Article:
VII Pillars |

Release Date: 21 January 2001

Filming Locations: Berlin, Germany

Box Office Details

Budget: $7,100,000


Opening Weekend: $3,127
(1 May 2005)
(2 Screens)

Gross: $10,890
(12 June 2005)

Technical Specs


(2 parts)
(theatrical version)

User Review

although a bit fictionalized a still faithful depiction of real events

Rating: 8/10

It's very interesting to compare 'Der Tunnel' with 'Tunnel 28', or
'Escape from East Berlin', which was filmed in 1962. Both are based on
a tunnel that was built in May 1962 from a street in West Berlin and
ended in a basement in a house in East Berlin. As in 'Der Tunnel', the
actual tunnel was built by a group of students, some who wanted to help
their families and loved ones escape, some who wanted to help because
of their convictions.

'Der Tunnel' is very well acted, especially by Heino Ferch. Ferch's
performance as the swimming champion and former prisoner Harry Melchoir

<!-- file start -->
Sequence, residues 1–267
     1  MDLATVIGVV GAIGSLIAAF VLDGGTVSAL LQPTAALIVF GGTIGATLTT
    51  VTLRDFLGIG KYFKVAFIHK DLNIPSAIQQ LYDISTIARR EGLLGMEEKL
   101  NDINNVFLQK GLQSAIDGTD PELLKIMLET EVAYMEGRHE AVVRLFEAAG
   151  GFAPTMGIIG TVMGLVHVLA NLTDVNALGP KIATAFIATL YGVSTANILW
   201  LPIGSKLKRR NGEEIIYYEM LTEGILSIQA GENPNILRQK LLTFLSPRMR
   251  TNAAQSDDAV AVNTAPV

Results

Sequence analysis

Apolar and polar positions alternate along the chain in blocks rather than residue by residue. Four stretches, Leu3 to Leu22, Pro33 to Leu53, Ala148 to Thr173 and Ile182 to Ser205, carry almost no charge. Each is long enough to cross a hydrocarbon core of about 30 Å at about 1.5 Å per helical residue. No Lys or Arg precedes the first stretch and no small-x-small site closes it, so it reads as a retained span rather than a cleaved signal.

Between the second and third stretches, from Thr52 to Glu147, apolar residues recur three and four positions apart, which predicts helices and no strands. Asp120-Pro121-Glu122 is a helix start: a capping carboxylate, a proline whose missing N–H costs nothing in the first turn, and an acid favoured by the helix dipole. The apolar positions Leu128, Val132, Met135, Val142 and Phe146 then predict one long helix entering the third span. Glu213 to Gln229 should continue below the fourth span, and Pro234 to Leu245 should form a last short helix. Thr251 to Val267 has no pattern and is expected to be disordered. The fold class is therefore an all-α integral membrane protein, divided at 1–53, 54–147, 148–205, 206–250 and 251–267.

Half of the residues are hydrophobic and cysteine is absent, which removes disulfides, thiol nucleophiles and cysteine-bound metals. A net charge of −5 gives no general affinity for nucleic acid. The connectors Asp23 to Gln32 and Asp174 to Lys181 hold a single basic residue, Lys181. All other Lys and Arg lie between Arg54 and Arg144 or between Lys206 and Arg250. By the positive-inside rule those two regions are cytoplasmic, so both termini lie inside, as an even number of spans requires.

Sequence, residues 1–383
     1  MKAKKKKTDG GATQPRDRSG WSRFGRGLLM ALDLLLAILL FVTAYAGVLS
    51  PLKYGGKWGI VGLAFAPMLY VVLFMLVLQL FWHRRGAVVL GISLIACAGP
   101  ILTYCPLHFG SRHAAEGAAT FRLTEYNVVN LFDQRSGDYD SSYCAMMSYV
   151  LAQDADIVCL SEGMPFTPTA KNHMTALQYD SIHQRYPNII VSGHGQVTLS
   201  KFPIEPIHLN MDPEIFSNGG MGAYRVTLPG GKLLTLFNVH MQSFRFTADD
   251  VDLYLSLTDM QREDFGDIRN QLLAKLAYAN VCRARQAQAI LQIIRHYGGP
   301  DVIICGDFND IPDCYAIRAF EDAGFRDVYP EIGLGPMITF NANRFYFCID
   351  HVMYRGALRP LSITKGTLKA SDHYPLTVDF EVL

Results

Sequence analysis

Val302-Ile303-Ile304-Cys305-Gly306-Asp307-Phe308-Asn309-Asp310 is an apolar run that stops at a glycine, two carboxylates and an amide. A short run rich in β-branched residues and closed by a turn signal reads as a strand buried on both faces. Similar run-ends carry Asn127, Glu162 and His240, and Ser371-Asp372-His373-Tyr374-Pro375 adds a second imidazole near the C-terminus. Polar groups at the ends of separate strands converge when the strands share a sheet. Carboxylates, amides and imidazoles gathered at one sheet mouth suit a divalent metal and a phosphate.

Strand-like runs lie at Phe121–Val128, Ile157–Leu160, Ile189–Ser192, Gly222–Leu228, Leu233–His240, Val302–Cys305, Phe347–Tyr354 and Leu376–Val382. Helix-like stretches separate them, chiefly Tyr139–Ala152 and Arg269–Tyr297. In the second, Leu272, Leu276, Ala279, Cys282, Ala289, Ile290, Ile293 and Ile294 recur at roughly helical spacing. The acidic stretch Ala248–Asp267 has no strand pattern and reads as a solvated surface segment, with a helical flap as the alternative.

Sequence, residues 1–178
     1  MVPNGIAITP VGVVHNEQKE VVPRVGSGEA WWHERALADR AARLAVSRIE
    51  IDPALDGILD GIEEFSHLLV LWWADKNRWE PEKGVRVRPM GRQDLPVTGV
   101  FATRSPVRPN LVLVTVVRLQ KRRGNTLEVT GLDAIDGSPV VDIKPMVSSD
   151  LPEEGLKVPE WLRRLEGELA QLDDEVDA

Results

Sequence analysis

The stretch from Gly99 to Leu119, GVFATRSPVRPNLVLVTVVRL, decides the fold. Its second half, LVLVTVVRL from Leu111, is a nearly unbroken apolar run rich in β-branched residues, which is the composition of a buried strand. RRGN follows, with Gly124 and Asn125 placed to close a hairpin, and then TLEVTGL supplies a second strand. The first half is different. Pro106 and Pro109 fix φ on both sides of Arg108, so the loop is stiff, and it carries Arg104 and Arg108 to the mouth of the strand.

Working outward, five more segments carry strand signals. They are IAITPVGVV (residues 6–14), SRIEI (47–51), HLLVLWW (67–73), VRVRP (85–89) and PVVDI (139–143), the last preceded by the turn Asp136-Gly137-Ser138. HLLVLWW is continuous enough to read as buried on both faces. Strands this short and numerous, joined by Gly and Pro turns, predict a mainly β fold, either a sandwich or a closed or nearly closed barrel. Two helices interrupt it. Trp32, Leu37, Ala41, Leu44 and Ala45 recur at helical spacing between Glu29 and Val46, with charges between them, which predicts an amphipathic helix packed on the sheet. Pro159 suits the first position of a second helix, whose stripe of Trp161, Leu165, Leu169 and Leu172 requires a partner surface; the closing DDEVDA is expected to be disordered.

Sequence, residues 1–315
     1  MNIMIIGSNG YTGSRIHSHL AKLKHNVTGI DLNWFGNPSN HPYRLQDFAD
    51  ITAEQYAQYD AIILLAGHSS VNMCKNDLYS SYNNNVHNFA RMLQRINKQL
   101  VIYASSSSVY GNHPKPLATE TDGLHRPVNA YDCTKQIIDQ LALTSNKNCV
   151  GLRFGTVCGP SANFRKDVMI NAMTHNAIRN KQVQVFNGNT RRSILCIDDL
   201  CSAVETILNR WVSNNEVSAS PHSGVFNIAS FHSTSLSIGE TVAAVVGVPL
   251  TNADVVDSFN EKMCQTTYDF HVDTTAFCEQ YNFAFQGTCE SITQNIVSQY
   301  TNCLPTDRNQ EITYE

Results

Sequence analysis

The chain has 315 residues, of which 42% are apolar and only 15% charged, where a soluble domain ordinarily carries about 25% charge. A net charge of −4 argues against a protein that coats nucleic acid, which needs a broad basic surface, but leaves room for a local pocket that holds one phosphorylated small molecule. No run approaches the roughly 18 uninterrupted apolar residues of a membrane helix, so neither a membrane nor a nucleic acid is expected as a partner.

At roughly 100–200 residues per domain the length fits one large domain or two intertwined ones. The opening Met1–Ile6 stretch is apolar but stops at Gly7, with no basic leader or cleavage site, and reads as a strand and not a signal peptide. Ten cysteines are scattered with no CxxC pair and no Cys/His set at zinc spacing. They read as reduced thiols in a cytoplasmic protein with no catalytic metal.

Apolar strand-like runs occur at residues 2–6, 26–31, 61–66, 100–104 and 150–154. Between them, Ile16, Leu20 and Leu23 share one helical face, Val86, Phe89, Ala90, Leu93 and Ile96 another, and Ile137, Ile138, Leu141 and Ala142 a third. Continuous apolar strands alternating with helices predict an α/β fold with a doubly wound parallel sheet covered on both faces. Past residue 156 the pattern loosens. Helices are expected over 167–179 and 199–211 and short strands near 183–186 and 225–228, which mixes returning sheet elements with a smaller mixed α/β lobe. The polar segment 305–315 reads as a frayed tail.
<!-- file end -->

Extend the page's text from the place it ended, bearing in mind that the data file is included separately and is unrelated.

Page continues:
is outstanding. Claudia Michelsen turns in a finely nuanced performance
as Carola, who is intimidated into informing the East German police
about the escape attempt. Sebastian Koch is moving as her husband, who
serves as the engineer behind the project, and Mehmet Kurtulus is
compelling as Vic, the Italian American who is detained and
interrogated as a consequence of Carola's betrayal.

The film shows the streets where the actual tunnel was built (they are
probably sets but they depict them accurately, as they must have looked
just after the Wall was built). It also reflects the involvement of a
NBC film crew. The actual tunnel's building was financed by NBC in